25 October 2011

American Psycho Redux

"Men, it has been well said, think in herds; it will be seen that they go mad in herds, while they only recover their senses slowly, and one by one."

Charles Mackay

The US is remarkable, not for any unusual distribution of psychopaths amongst its people, but rather for the high regard and admiration in which the more articulate and successful psychopaths and sociopaths among their ranks are held by the public, their natural prey.

The problem is not that there are disturbed and destructive people in a society. The problem is when they are able to subvert a culture to satisfy their goals, when their animalistic cunning and heartlessness becomes fashionable, imitated, and even respected.

It is surely the greatest triumph of madness over common sense since the self-destruction of nations in the 20th century. Whole peoples surrendered themselves to ruthless leaders, thrilled to be ravaged by power without weakness. They drank deeply from the cup of madness and danced with the culture of death. And that is what it is to be without boundaries or constraints, free as gods on earth.

"He may have destroyed men, women, and children, and condemned thousands of families to homelessness and despair, but he never wavered in his resolve and conviction while doing it. He amassed great power and fortune, and he never got caught. He believed in himself, and he's a winner."

"The manipulative con-man. The guy who lies to your face, even when he doesn’t have to. The child who tortures animals. The cold-blooded killer. Psychopaths are characterised by an absence of empathy and poor impulse control, with a total lack of conscience.

About 1% of the total population can be defined as psychopaths, according to a detailed psychological profile checklist. They tend to be egocentric, callous, manipulative, deceptive, superficial, irresponsible and parasitic, even predatory.

The majority of psychopaths are not violent and many do very well in jobs where their personality traits are advantageous and their social tendencies tolerated. However, some have a predisposition to calculated, “instrumental” violence; violence that is cold-blooded, planned and goal-directed.

Psychopaths are vastly over-represented among criminals; it is estimated they make up about 20% of the inmates of most prisons. They commit over half of all violent crimes and are 3-4 times more likely to re-offend. They are almost entirely refractory to rehabilitation. These are not nice people.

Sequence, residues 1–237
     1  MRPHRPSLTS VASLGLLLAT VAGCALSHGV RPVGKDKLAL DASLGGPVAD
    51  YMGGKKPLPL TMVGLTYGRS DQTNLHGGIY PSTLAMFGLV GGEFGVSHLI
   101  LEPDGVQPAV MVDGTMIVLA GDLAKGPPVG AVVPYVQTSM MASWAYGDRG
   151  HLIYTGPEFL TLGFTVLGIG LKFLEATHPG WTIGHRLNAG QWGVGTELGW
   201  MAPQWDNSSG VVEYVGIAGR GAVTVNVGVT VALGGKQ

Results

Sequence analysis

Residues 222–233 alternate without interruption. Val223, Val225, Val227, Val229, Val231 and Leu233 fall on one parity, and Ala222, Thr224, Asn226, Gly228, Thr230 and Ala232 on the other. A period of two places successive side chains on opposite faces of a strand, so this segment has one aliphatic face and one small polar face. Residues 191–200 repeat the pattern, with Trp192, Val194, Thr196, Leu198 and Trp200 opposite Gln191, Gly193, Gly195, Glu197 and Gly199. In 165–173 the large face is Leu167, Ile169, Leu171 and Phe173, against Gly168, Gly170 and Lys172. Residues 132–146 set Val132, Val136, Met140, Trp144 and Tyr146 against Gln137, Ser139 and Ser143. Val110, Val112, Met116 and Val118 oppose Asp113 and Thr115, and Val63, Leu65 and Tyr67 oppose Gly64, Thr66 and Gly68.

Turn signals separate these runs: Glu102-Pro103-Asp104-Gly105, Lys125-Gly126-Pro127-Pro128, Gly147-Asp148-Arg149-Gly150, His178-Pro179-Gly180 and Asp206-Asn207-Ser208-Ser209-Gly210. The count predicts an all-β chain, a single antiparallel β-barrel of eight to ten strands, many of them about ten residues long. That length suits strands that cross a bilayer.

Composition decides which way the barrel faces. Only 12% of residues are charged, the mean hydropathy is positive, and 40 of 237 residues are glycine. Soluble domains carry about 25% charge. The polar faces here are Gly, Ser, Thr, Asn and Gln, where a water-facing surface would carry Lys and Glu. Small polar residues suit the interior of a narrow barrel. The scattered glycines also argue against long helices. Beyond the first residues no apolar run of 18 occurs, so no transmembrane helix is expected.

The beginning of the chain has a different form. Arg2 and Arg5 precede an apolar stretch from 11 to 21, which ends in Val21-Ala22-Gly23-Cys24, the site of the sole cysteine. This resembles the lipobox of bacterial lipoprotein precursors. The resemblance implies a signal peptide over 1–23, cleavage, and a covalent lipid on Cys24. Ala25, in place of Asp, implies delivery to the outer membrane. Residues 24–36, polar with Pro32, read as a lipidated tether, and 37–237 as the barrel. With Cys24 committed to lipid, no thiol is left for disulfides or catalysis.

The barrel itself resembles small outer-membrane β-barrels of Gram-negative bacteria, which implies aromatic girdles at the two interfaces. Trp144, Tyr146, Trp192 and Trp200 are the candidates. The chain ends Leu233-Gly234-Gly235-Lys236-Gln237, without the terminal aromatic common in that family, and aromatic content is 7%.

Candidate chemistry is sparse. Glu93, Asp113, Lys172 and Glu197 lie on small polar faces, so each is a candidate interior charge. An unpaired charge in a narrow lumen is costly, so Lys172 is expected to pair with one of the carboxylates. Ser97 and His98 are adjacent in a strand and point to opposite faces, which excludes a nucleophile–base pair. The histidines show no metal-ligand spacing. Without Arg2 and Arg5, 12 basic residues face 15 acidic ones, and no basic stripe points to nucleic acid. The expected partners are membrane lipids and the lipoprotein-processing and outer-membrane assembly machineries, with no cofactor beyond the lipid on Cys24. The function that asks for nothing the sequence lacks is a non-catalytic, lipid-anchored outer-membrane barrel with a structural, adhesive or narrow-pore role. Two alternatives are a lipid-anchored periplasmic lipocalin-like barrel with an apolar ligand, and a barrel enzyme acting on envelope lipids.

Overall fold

So how did they get that way? Is it an innate biological condition, a result of social experience, or an interaction between these factors?

Longitudinal studies have shown that the personality traits associated with psychopathy are highly stable over time. Early warning signs including “callous-unemotional traits” and antisocial behaviour can be identified in childhood and are highly predictive of future psychopathy.

Large-scale twin studies have shown that these traits are highly heritable – identical twins, who share 100% of their genes, are much more similar to each other in this trait than fraternal twins, who share only 50% of their genes. In one study, over 80% of the variation in the callous-unemotional trait across the population was due to genetic differences. In contrast, the effect of a shared family environment was almost nil.

Psychopathy seems to be a lifelong trait, or combination of traits, which are heavily influenced by genes and hardly at all by social upbringing.

The two defining characteristics of psychopaths, blunted emotional response to negative stimuli, coupled with poor impulse control, can both be measured in psychological and neuroimaging experiments...They do not seem to process heavily loaded emotional words, like “rape”, for example, any differently from how they process neutral words, like “table”.

This lack of response to negative stimuli can be measured in other ways, such as the failure to induce a galvanic skin response (heightened skin conduction due to sweating) when faced with an impending electrical shock...

The psychopath really just doesn’t care. In this, psychopaths differ from many people who are prone to sudden, impulsive violence, in that those people tend to have a hypersensitive negative emotional response to what would otherwise be relatively innocuous stimuli."

Craig, M., Catani, M., Deeley, Q., Latham, R., Daly, E., Kanaan, R., Picchioni, M., McGuire, P., Fahy, T., & Murphy, D. (2009). Altered connections on the road to psychopathy Molecular Psychiatry, 14 (10), 946-953 DOI: 10.1038/mp.2009.40